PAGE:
Does the Bible Teach Modern Day
“Witnessing” & “Testimonials”?
Introduction. There is a concept and practice conducted in the denominational world which is beginning to find its way into some services of the Lord’s church that demands that we spend some time in consideration of its scriptural soundness.
I. The Denominational Concepts of “Witnessing.”
- Personal Testimony concerning an experience.
- “I was drunk and I saw a cross and turned my life around.” -- “I went bankrupt and a friend gave me a tract and I put my faith in Jesus.”
Note: I am not talking about using one’s experience as an illustration of scriptural obedience to the gospel. Instead:
- Replacement of Bible with Personal experience.
- Claiming that we have witnessed (i.e. seen or heard) Jesus do something.
- Even faulty notions about teaching - “I can’t preach, but I can ‘witness.’”
- Special services where men, women and children all give “testimonials” disregarding restrictions of a woman’s role in worship.
- Denomination called “Jehovah’s Witnesses.”
Are these ideas and approaches taught in Scripture?
II. The Biblical Words for “Witnessing” & “Testifying.”
- Five main words in NT used for the concepts of “witnessing” or “testifying” which are all from the same root. [Note: there are a number of other words which use these same words adding various prefixes of time or intensity.]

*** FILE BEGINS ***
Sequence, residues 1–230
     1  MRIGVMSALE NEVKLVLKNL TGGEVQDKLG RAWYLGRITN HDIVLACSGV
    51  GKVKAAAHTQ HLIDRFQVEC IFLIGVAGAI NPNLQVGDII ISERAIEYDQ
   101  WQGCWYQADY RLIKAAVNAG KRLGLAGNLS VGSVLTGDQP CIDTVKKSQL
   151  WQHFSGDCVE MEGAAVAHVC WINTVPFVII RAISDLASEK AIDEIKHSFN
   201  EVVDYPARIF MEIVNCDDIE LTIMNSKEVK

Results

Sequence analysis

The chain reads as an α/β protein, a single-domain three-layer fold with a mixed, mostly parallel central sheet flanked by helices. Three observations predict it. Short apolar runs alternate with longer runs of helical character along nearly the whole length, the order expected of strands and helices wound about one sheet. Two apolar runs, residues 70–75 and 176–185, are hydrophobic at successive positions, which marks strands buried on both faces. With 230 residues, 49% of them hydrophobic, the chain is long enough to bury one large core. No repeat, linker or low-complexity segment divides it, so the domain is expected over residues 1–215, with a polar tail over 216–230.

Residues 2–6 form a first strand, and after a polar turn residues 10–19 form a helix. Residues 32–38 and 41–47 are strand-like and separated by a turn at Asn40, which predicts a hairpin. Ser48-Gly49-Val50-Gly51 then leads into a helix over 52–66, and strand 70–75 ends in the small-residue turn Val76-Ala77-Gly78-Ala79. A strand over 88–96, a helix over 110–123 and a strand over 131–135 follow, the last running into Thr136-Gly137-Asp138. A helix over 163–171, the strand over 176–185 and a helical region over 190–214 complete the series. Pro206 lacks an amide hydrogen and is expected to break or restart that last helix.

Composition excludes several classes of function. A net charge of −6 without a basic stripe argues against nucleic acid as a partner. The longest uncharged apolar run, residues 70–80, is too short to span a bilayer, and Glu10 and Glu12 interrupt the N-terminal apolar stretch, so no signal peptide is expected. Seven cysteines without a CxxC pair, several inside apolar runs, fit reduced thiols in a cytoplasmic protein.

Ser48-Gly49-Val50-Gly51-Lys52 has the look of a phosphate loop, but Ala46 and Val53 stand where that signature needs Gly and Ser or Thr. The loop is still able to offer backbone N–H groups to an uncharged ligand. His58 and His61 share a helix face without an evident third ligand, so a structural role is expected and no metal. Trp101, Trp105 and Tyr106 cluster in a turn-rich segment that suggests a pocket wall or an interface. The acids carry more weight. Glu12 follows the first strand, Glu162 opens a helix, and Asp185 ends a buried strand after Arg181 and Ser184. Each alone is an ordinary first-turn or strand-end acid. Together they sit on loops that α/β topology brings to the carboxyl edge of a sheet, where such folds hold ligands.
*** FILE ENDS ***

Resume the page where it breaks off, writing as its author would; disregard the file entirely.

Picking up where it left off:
- Verbs. martureo - “to bear witness, testify” and marturomai - “to call to witness”
- Nouns. martus - “a witness” [Eng. martyr] marturion and marturia - “testimony, evidence” [Related etymologically to the Sanskrit word smri meaning “to remember” - believed to be from a common Indo-European root SMAR of the same meaning.]
- These are legal terms. They are used of things for which one would convey a record of something to someone else both in a trial situation and in daily life.
III. Biblical Teaching on “Witnessing.”
The Testimony of Jesus.
- The Bible Emphasizes the Value of a witnesses testimony.
- Death penalty required 2-3 witnesses. (Deuteronomy 17:6).
- NT withrawal requires 2-3 go first (Matt. 18:16).
- NT accusations against elders only validated by 2-3 witnesses (I Tim. 5:19).
- OT one witness was insufficient. (Deut. 19:15). Note: the Pharisees tried to say that Jesus bore witness to Himself (John 8:13).
- The Identity of Jesus Was Dependent Upon the Valid tesimony of Witnesses.
- John the Baptist was a witness for Jesus. (John 1:7,8; 15; 32-34).
- Jesus works were a witness. (John 5:36).
- The Father was a witness. (John 5:37). These are the three - but these would not be all that Jesus “called to witness.” Note two others:
- The Witness of the Holy Spirit & the Apostles.
- The Holy Spirit would be a witness of who Jesus was (John 15:26).
- Those who had been with Jesus would be witnesses (John 15:27).
- They were those who had seen the resurrected Christ. (Luke 24:46-48).
- The replacement apostle had to be a witness of Jesus resurrection. (Acts 1:22).
- This becomes one of the main points that they stress in their preaching.
- On Pentecost Peter says - “This Jesus God has raised up, of which we are all witnesses.” (Acts 2:32).
- While preaching after a healing Peter tells the Jews - “But you denied the Holy One and the Just, and asked for a murderer to be granted to you, "and killed the Prince of life, whom God raised from the dead, of which we are witnesses.” (Acts 3:14,15).